Ultimate guide on how to address a Portuguese (levels of formality)

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In European Portuguese, there are many ways of addressing a person, many levels of formality…
You could use TU, VOCÊ, O/a SENHOR/a ou DONA and conjugate the verbs differently. In this video, we’ll help you decide in which situations you should use what form of address! Also, we explain how complex the usage of the word “você” can be, even to Portuguese natives! But do not despair, because we give away a rule that always works! 😉

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    1. Dona as in a title of formality has “senhor” as it’s male equivalent form (they’re equivalents in meaning, in usage). But “Dona” can also mean owner and in that case you would say “dono” as the male equivalent 👍🏽

    2. Adding onto that, I do believe it stems from the more archaic noble titles of Dom and Dona, which come from the latin dominus. so it was originally used in Royalty, but over time Dona was reduced to a generalized polite title for a woman, usually an older woman, while Dom was altogether dropped. So yeah, historically the male of Dona was Dom, but nowadays you’d use senhor.

    1. Muitíssimo obrigada, SaiSai! We’re flattered 🥰 and very happy to know you’re enjoying and benefitting from our content ☺️

  1. My sister lives in Lisbon and next to her lives Dona Candida who always brings over homemade Tarte de amendoa 😊 it’s the best.

    1. What a lovely neighbour Dona Cândida is! We love a little tarte de amêndoa, especially a homemade one 😋 Make sure to visit your sister often 😜

    1. Obrigada, Vera! Como tratar as pessoas em Portugal é uma questão que muitos estudantes de português de Portugal têm, porque há tantas opções e, claro, não queremos ofender ninguém 😅 Ainda bem que este vídeo é útil para ti 😊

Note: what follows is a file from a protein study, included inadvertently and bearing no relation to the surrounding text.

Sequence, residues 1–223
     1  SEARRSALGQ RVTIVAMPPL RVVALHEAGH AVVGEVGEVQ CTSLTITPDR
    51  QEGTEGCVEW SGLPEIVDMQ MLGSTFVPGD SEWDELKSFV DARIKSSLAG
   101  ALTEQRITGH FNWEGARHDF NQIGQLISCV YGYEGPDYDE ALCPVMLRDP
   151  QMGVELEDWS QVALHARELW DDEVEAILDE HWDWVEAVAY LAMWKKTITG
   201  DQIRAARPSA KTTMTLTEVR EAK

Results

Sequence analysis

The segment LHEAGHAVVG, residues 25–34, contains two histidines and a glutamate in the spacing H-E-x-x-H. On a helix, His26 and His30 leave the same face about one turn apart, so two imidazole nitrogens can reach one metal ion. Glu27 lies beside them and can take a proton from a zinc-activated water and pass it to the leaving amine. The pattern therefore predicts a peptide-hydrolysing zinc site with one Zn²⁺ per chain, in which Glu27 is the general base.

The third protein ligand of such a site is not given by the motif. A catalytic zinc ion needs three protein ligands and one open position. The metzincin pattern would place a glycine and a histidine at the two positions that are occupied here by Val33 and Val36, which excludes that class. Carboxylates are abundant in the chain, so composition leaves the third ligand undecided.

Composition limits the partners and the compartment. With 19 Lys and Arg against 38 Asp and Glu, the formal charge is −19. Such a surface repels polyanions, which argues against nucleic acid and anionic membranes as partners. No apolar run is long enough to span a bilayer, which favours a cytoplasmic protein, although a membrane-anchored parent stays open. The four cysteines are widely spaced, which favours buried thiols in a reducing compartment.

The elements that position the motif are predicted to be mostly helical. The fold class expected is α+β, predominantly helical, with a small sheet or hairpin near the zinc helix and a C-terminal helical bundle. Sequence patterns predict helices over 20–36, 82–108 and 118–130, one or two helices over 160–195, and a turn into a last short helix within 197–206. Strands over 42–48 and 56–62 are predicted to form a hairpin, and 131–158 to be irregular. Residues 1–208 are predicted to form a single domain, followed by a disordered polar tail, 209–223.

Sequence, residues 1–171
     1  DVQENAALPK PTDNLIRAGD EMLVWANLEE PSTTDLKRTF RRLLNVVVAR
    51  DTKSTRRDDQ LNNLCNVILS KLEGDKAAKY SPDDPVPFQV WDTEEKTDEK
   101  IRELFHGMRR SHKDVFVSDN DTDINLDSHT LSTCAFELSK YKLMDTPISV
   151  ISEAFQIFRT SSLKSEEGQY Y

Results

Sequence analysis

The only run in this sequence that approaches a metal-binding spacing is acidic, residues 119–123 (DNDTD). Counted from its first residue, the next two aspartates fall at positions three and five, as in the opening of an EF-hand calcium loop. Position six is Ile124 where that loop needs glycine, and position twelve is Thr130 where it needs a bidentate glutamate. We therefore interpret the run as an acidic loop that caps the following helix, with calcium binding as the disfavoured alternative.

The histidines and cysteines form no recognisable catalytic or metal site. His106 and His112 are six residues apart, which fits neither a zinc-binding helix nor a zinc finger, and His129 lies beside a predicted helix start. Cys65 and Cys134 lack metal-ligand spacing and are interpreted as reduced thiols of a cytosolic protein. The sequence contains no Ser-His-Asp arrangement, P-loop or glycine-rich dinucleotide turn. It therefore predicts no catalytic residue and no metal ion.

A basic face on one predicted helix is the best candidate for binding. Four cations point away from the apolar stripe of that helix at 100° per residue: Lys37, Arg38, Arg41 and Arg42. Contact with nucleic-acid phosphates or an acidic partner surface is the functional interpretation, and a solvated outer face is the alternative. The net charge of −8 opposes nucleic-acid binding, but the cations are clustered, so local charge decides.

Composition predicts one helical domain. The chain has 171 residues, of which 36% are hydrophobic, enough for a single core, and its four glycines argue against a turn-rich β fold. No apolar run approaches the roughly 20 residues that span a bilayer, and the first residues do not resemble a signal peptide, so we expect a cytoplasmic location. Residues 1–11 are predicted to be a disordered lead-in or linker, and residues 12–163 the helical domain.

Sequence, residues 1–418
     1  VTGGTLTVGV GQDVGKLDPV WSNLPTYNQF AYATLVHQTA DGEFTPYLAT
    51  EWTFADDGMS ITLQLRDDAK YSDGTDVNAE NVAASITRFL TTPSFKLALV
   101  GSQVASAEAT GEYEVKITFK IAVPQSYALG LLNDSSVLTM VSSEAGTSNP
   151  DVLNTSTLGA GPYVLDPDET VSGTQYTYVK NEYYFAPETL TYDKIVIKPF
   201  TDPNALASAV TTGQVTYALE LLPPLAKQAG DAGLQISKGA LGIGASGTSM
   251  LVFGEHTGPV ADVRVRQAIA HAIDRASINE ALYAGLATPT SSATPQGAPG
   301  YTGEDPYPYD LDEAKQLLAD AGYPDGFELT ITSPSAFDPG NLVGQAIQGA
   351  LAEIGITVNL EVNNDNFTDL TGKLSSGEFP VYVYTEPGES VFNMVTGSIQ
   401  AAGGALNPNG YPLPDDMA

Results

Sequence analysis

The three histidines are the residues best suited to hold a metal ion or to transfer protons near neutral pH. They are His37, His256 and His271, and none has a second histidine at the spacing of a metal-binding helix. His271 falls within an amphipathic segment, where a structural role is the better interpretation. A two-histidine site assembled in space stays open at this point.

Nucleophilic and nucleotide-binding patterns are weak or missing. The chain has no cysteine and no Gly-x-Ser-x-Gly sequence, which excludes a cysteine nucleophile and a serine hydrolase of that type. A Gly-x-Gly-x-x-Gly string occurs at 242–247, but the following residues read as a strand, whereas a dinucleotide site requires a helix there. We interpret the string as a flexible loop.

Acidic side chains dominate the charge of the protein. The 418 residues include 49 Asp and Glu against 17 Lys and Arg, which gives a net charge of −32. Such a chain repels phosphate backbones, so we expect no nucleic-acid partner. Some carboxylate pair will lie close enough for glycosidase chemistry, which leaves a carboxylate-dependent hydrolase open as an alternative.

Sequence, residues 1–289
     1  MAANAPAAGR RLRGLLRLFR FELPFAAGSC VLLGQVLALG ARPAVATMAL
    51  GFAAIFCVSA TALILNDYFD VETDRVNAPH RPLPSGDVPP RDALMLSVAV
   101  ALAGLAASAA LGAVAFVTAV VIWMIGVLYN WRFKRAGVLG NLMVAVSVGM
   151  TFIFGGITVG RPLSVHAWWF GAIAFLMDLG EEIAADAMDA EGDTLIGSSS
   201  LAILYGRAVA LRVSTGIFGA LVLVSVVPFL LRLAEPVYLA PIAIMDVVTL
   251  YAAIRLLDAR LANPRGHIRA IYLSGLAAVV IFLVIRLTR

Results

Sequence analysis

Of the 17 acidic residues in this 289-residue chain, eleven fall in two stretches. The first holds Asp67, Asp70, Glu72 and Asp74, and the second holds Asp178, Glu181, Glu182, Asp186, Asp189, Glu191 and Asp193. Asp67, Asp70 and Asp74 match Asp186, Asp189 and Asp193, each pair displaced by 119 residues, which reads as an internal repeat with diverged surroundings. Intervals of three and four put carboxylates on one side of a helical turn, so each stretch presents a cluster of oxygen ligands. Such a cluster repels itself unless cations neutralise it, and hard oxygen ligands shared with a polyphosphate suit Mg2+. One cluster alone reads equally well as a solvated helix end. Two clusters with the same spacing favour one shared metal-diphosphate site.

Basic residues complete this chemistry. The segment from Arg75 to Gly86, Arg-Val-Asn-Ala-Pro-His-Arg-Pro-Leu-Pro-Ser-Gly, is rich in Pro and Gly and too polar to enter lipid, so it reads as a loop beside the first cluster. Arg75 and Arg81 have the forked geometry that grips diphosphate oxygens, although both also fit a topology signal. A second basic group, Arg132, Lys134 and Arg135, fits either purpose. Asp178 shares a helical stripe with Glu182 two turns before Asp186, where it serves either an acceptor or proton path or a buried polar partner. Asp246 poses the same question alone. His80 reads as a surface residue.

2. You mentioned that when speaking with a group, you should refer to the group in the masculine form. I’m confused then as to why when speaking about our grandparents, one should use the form avós (grandmothers) and not avôs (grandfathers).

    1. Olá, Skip 👋🏽 well spotted and good on you for making that connection.
      Avós translates into grandmothers as well as grandparents, so even though it seems you’re referring to your grandparents as grandmothers, you really are not. The reason is to do with how the words evolved from Latin to the Portuguese we have today. The plural form of “avô” always had an open “o” like the one in the “avó” and so it was kept that way to this day as opposed to the singular form “avô” that went from an open one to a semi-opened.
      Saying that, the word “avôs” does exist (although I don’t think many would be aware of it!). This word was created so we could refer to grandfathers (the male grandparents only) as opposed to grandparents, whether it may be maternal, paternal or both sets.

      I hope this answers your question 👍🏽